Hiring a children’s book illustrator FAQ

Illustrators tend to be bombarded with the same questions over and over again from clients looking to hire them to bring their children’s book manuscript to life, and from publishers looking to have them work on a future project or their next release. With our illustrators being the pros they are, they tend to send a personal reply to every query that comes in regardless of whether they’ve answered the same question half a dozen times that week already.

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So, here are a list of questions you need to ask yourself before you hire an illustrator, and some answers to questions that clients commonly ask illustrators during the course of hiring one.

These questions were devised and answered by Ginger Nielson (illustrator of almost 40 children’s books), and edited and updated by Darren Di Lieto & Jane Di Lieto-Danes.

Should you hire an illustrator?

If you have a finished, edited, and great manuscript, by all means submit it to a publisher. If they decide it’s right for their line up and marketable, they will normally pay you an advance followed by royalties in exchange for the right to print and sell your book. They will also hire an illustrator, pay the production costs and help you market it. You do NOT need any illustrations to submit your manuscript to a publisher unless you are an author/illustrator yourself.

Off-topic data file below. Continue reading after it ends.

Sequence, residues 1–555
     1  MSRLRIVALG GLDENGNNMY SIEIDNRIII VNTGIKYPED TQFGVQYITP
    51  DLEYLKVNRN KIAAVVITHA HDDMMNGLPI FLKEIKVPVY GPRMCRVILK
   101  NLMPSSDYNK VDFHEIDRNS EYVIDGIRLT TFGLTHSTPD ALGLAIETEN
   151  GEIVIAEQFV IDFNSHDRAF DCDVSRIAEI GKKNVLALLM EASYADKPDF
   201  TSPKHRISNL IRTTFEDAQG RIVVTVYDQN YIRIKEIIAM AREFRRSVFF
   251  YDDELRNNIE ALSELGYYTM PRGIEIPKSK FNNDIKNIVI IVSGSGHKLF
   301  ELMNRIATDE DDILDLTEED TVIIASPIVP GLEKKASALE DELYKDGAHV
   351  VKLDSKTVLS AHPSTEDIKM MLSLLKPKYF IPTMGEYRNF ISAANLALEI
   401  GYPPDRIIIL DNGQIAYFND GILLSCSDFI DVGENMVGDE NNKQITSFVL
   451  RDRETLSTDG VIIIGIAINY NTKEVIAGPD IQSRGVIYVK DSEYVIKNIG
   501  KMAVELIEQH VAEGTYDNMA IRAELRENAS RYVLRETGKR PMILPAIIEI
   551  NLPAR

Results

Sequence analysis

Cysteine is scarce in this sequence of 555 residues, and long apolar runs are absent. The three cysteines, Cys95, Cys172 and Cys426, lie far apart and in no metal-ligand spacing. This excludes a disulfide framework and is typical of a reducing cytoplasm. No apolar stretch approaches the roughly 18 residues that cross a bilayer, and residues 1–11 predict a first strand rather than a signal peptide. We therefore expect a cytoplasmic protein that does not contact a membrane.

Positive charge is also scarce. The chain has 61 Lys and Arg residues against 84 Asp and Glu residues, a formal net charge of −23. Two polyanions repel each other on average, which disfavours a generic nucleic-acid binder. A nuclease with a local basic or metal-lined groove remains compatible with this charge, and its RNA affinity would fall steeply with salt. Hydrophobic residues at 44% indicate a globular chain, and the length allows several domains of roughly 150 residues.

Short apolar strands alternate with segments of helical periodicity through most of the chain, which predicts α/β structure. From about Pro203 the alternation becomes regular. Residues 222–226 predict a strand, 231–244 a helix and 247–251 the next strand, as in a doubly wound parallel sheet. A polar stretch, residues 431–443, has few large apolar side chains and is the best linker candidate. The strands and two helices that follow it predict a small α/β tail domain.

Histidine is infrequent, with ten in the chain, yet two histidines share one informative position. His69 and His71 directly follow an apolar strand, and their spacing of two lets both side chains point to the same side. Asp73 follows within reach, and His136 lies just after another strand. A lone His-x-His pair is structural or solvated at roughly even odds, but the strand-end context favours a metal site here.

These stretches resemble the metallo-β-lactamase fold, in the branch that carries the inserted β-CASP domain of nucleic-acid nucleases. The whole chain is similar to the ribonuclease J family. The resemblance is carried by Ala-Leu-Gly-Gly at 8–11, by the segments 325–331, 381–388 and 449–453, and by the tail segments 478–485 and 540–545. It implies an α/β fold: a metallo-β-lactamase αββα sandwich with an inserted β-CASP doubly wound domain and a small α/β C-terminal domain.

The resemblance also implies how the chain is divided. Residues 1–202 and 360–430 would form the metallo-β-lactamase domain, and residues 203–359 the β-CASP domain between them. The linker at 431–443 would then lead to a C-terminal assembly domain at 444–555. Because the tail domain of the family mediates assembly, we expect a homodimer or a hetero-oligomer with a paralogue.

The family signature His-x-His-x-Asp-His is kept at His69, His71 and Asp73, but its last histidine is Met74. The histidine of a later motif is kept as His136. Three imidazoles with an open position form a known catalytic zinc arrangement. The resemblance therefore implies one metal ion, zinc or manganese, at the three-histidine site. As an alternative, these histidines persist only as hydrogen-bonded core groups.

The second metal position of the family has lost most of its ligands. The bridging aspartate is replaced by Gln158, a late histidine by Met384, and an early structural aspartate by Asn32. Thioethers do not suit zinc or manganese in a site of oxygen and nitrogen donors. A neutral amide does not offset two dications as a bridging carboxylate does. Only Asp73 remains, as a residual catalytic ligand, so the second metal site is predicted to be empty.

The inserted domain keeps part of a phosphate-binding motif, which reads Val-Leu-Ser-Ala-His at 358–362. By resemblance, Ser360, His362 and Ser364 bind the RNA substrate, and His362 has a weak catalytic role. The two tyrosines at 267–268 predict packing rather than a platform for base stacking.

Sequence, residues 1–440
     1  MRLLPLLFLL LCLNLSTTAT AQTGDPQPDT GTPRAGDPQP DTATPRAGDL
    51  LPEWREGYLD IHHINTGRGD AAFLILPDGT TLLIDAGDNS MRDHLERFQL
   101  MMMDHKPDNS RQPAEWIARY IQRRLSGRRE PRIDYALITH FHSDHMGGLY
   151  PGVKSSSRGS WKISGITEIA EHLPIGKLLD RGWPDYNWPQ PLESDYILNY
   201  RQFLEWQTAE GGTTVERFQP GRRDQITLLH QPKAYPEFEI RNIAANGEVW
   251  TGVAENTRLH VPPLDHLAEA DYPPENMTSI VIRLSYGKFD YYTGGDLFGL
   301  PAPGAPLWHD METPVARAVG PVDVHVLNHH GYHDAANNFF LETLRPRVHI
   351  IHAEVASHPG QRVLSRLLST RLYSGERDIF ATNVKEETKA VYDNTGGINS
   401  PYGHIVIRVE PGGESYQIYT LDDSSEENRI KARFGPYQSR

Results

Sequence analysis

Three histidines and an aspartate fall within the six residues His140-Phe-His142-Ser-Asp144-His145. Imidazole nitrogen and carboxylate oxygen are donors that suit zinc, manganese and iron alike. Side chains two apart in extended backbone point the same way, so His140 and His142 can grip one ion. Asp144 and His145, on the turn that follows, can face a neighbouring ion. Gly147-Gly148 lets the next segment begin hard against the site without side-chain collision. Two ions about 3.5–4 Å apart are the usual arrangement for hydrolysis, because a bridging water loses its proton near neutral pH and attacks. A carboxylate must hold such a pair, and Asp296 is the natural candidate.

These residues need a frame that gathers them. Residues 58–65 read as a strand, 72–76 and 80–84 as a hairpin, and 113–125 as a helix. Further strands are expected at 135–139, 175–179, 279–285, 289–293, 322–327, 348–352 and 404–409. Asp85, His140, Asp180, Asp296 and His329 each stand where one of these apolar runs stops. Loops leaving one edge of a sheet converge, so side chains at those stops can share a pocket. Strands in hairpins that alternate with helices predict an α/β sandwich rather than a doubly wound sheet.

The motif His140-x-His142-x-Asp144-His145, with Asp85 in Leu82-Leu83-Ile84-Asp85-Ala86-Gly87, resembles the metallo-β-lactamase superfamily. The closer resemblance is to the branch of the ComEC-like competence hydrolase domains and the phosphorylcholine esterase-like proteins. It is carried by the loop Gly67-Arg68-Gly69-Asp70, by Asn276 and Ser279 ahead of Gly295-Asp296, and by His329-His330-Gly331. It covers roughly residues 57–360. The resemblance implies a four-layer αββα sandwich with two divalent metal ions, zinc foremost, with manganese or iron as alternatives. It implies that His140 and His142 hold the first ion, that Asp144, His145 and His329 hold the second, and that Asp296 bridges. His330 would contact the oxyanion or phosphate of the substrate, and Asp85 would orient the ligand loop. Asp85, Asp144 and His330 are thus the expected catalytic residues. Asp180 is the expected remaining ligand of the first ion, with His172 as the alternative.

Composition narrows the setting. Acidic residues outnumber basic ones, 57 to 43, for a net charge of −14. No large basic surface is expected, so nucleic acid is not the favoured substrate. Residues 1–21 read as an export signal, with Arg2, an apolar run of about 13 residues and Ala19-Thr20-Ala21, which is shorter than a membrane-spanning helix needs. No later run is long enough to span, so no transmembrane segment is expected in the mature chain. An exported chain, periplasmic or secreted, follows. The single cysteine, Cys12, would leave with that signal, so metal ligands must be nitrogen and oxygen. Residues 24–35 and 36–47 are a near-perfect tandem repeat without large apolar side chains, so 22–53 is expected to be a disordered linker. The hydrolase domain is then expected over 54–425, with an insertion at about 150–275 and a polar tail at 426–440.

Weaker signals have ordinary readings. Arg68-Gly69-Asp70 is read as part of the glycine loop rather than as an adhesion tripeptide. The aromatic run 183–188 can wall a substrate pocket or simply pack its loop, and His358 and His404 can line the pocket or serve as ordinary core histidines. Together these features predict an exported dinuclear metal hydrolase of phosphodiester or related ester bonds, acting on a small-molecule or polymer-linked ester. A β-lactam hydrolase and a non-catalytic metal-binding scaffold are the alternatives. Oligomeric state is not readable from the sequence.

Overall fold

How do you find a publisher?

To find out who might be the best publisher for your book, get a copy of the Children’s Writer’s and Illustrator’s Market or the Children’s Writers’ and Artists’ Yearbook. They list publishers, their contacts, their terms, and what they are looking for. It also includes international markets, magazines, contests, agents and wonderful articles from artists and authors as well as publishers and editors.

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What to do if you’re self publishing?

You need to be very sure of your own work and you need to be ready to invest your own time and money in making your book a success. You will be choosing your own illustrator and paying for the artwork and license or rights to use it; for the book printing; to have it proofread; for distribution; for all your own advertising… and you’ll be doing your own sales. Your local indie bookstore may be happy to host a signing. You might be able to market your books at a local craft fair or market, or at any event with the right setting and clientele. Some schools have book nights where you can sell your books too. Self publishing is often sold as the easy (and cheap) way to get your book published, but don’t let all the hype fool you. The more work and money you can invest in your book, regardless of how good it might be, the more chance it has of being a success.

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How much does a children’s illustrator cost?

When you hire an illustrator remember that you are hiring a professional. You need to be prepared to pay a fair market price. Depending upon the length of time it will take to illustrate your book, the amount of research needed, and any unusual requests, the cost could be a few thousand pounds/dollars or many thousands of pounds/dollars.

OK, so how much will it cost?